When you want to reduce the cost of designing enclosures using deep drawing technology, you should consider a number of things. One of the biggest considerations for designing and procuring deep drawn enclosures is the cost. Those who would like to drive costs down might benefit from the following tips.
Not many realize this, but one of the hidden costs from deep drawn enclosures comes from the engineered scrap that is needed to procure the blanks. If the annual quantity for a particular part number is huge, then one can sometimes procure custom sizes for the enclosures. Many times, though, they will normally come from master coil sizes that vary between 36 and 72 inches.
For very low quantities, one can produce blanks from standard sheet sizes varying between 8 and 12 feet. Optimizing the blank such that excessive amounts of engineered scrap are eliminated can reduce the costs dramatically. However, blank size should also include enough amounts of material necessary for trimming and work holding.
When looking to design and procure deep drawn enclosures, the minimization of the material required for the work holding and trimming is one of the ways through, which one can reduce cost. The blank size for the part that is finished is normally different from the actual blank.
Apart from the dimensional requirements, the required finish for the surface and the tolerance dimensions could need additional materials to accommodate secondary processes. These are those that are not necessarily specified on the drawing, but could be permitted on the enclosures.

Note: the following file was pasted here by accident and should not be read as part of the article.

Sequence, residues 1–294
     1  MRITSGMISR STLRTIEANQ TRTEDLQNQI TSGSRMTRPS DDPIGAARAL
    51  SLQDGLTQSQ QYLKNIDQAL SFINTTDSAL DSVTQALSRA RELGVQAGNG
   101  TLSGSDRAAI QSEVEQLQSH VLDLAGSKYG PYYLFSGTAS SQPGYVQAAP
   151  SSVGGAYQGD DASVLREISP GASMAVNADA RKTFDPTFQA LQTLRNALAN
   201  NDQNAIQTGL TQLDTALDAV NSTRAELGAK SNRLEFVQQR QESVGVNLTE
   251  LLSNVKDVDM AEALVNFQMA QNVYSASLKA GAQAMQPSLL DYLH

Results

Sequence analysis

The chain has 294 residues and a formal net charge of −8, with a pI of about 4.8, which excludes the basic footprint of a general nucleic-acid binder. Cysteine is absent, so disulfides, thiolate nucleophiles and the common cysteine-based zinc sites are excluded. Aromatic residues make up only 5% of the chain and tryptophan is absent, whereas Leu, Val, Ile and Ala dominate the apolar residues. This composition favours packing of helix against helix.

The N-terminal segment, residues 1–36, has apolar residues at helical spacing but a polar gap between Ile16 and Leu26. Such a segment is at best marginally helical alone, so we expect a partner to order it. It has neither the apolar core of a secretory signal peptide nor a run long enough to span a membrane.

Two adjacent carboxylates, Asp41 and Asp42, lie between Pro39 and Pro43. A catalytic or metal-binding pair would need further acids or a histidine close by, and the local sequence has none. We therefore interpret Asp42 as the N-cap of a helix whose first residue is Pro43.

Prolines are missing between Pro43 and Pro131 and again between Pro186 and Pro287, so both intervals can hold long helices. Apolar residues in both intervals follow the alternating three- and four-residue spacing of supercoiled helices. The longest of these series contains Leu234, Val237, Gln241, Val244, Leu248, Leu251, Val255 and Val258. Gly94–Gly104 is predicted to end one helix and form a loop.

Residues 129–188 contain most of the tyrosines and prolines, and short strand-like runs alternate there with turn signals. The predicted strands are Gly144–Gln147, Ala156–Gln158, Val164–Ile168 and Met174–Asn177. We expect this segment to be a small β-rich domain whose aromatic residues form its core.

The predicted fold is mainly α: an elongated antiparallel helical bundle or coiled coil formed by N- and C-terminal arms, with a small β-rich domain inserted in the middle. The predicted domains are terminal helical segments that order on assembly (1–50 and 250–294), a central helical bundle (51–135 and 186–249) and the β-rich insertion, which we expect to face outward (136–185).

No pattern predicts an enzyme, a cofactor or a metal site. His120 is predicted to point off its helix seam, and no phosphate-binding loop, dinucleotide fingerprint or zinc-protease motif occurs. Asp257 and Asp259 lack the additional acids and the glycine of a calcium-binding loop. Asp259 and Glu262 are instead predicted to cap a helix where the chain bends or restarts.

Design phase thin out
During the forming process, the material formed experiences tension and compression throughout the cycle. Typically, a section of the material thins in several locations, normally towards the closed end of the shape. The open end of the shape, on the other hand, will normally thicken. If one allows for these during the part design stage, then the scrap will remain low and the design will work well.
When selecting the material for the deep drawn enclosures, choose material that has a better ability to form. Choosing formable materials means scrap is either eliminated or minimized. However, it is important to realize that this might be difficult especially if the application needs a certain amount of strength and stiffness. Some materials tend to harden when formed, like stainless steel. Enclosures made from aluminum, for instance, can generally be tampered with to improve their mechanical properties.
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